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Familial Dyskinesia and Facial Myokymia



  • The critical region contained 323 variants, 5 of which were not present in 1 of the sequence databases.[ncbi.nlm.nih.gov]
  • Each entry follows a 5 section structure that will cover (1) essential features of the disorder (2) physiological basis of the disorder (3) neuropsychological and other clinical presentation (4) assessment and diagnostic practices (5) evidence-based treatments[books.google.com]
  • Sudhansu Chokroverty—a world-recognized expert in sleep medicine—presents the third edition of Sleep Disorders Medicine for the latest developments in this rapidly expanding specialty, with coverage of neuroscience and clinical application.[books.google.com]
  • Jankovic is the recipient of many other honors including the American Academy of Neurology (AAN) Movement Disorders Research Award, sponsored by the Parkinson’s Disease Foundation, the Guthrie Family Humanitarian Award, presented by the Huntington’s Disease[books.google.com]
  • Mitochondrial disorders such as LHON may present with dystonia.[neuroweb.us]
Movement Disorder
  • Mice deficient in Adcy5 develop a movement disorder that is worsened by stress. We conclude that FDFM likely results from a missense mutation in ADCY5.[ncbi.nlm.nih.gov]
  • Disorders, Institute of Neurology, University College London[books.google.com]
  • Our results provide further evidence of genetic heterogeneity in autosomal dominant movement disorders and suggest that a novel gene underlies this new condition.[ncbi.nlm.nih.gov]
  • Mutations in ADCY5 should be considered in patients with undiagnosed complex movement disorders even in the absence of a family history. 2014 American Neurological Association.[ncbi.nlm.nih.gov]
  • Gland Neoplasms Gnas adrenocortical carcinoma Gnas Albright's hereditary osteodystrophy Gnas Alzheimer's disease Gcg, Gnas Animal Mammary Neoplasms Adcy5 Anorexia Gcg autistic disorder Gcg B-Cell Chronic Lymphocytic Leukemia Gnas Birth Weight Adcy5 brachydactyly[rgd.mcw.edu]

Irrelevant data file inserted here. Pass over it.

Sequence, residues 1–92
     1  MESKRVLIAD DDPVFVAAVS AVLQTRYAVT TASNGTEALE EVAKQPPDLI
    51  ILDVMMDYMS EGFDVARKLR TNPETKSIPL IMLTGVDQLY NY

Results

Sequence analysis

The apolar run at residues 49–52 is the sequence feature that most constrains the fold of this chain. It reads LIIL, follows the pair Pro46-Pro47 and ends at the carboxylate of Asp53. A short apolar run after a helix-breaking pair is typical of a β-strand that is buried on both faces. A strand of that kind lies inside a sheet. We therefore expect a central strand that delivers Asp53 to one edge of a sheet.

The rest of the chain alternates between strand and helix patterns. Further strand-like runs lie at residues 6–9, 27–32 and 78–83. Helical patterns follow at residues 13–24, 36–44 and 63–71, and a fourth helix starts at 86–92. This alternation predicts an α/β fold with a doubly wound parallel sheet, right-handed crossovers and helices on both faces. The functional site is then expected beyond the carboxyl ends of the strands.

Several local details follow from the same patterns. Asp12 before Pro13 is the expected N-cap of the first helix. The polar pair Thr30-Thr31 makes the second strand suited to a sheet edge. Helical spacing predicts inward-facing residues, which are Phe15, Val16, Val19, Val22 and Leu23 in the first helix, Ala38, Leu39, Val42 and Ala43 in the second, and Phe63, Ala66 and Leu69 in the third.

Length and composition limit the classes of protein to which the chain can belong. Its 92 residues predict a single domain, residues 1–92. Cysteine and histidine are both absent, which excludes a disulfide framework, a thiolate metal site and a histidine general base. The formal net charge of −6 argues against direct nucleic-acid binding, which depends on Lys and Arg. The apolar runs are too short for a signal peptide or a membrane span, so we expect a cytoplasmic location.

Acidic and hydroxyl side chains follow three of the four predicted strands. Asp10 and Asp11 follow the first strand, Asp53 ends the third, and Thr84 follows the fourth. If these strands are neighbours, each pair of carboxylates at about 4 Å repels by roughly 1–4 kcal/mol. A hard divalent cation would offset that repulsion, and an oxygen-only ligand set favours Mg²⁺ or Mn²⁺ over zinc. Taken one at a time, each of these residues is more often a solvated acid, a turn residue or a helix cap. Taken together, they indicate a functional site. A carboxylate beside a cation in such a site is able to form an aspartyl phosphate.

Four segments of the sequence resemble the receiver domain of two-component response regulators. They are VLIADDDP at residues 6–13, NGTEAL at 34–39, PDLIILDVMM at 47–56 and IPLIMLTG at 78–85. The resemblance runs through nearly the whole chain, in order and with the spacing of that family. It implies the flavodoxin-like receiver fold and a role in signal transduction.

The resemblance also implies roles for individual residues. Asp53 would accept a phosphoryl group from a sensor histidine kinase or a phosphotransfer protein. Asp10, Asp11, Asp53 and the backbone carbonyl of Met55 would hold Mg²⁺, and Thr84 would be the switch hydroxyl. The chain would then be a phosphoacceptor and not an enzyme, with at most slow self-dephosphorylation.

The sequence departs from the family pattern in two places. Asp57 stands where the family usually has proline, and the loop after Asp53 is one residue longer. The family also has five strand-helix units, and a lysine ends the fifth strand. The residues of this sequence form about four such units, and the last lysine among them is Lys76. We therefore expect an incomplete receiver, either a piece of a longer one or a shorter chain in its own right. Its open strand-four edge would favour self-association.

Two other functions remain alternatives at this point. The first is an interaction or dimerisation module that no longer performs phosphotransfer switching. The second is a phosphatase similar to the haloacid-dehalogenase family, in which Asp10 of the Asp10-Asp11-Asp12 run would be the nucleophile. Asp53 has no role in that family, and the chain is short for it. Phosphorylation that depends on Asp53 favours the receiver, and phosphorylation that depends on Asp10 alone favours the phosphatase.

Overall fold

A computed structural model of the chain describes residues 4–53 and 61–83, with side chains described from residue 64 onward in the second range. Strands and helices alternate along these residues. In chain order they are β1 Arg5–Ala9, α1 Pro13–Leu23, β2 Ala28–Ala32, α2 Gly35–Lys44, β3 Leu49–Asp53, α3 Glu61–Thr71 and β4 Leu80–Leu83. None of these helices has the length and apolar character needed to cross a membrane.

• , type D Sequencing of all coding exons of the gene - - 1 HOXD13 Brachydactyly, type E Sequencing of all coding exons of the gene - - 1 HOXD13 Brachydactyly-syndactyly syndrome Sequencing of all coding exons of the gene - - 1 HOXD13 Syndactyly, type V[cegat.de]
  • Scientific Contribution Home IRDiRC & Research Clinical Trials Funded by Members Clinical Trials Funded by Lysogene Clinical Trials Funded by the National Center for Advancing Translational Sciences Clinical Trials Funded by the National Institute of Arthritis[irdirc.org]
  • Dementia Sequencing of all coding exons of the gene - - 1.3 PSMB8 Autoinflammation, lipodystrophy, and dermatosis syndrome (Nakajo-Nishimura or CANDLE syndrome; PSMB8 gene) Sequencing of all coding exons of the gene - - 0.8 PSTPIP1 Pyogenic sterile arthritis[cegat.de]
  • No other disorders primarily characterized by myokymia, dystonia, or chorea are known to map to this region.[ncbi.nlm.nih.gov]
  • We excluded linkage to 11 regions containing genes associated with chorea and myokymia: 1) the Huntington disease gene on chromosome 4p; 2) the paroxysmal dystonic choreoathetosis gene at 2q34; 3) the dentatorubral-pallidoluysian atrophy gene at 12p13[ncbi.nlm.nih.gov]
  • G25.5 Other chorea Chorea NOS Excludes: chorea NOS with heart involvement ( I02.0 ) Huntington's chorea ( G10 ) rheumatic chorea ( I02.- ) Sydenham's chorea ( I02.- ) G25.6 Drug-induced tics and other tics of organic origin Use additional external cause[apps.who.int]
  • Benign Hereditary Chorea: Usually with Infancy-Onset Benign hereditary chorea (BHC) is a rare autosomal dominant disease that is characterized by nonprogressive chorea, with early onset in childhood and absence of dementia and caudate atrophy.[movementdisorders.org]
  • BACKGROUND: Adenylyl cyclase 5 (ADCY5) mutations is associated with heterogenous syndromes: familial dyskinesia and facial myokymia; paroxysmal chorea and dystonia; autosomal-dominant chorea and dystonia; and benign hereditary chorea.[foundationdystoniaresearch.org]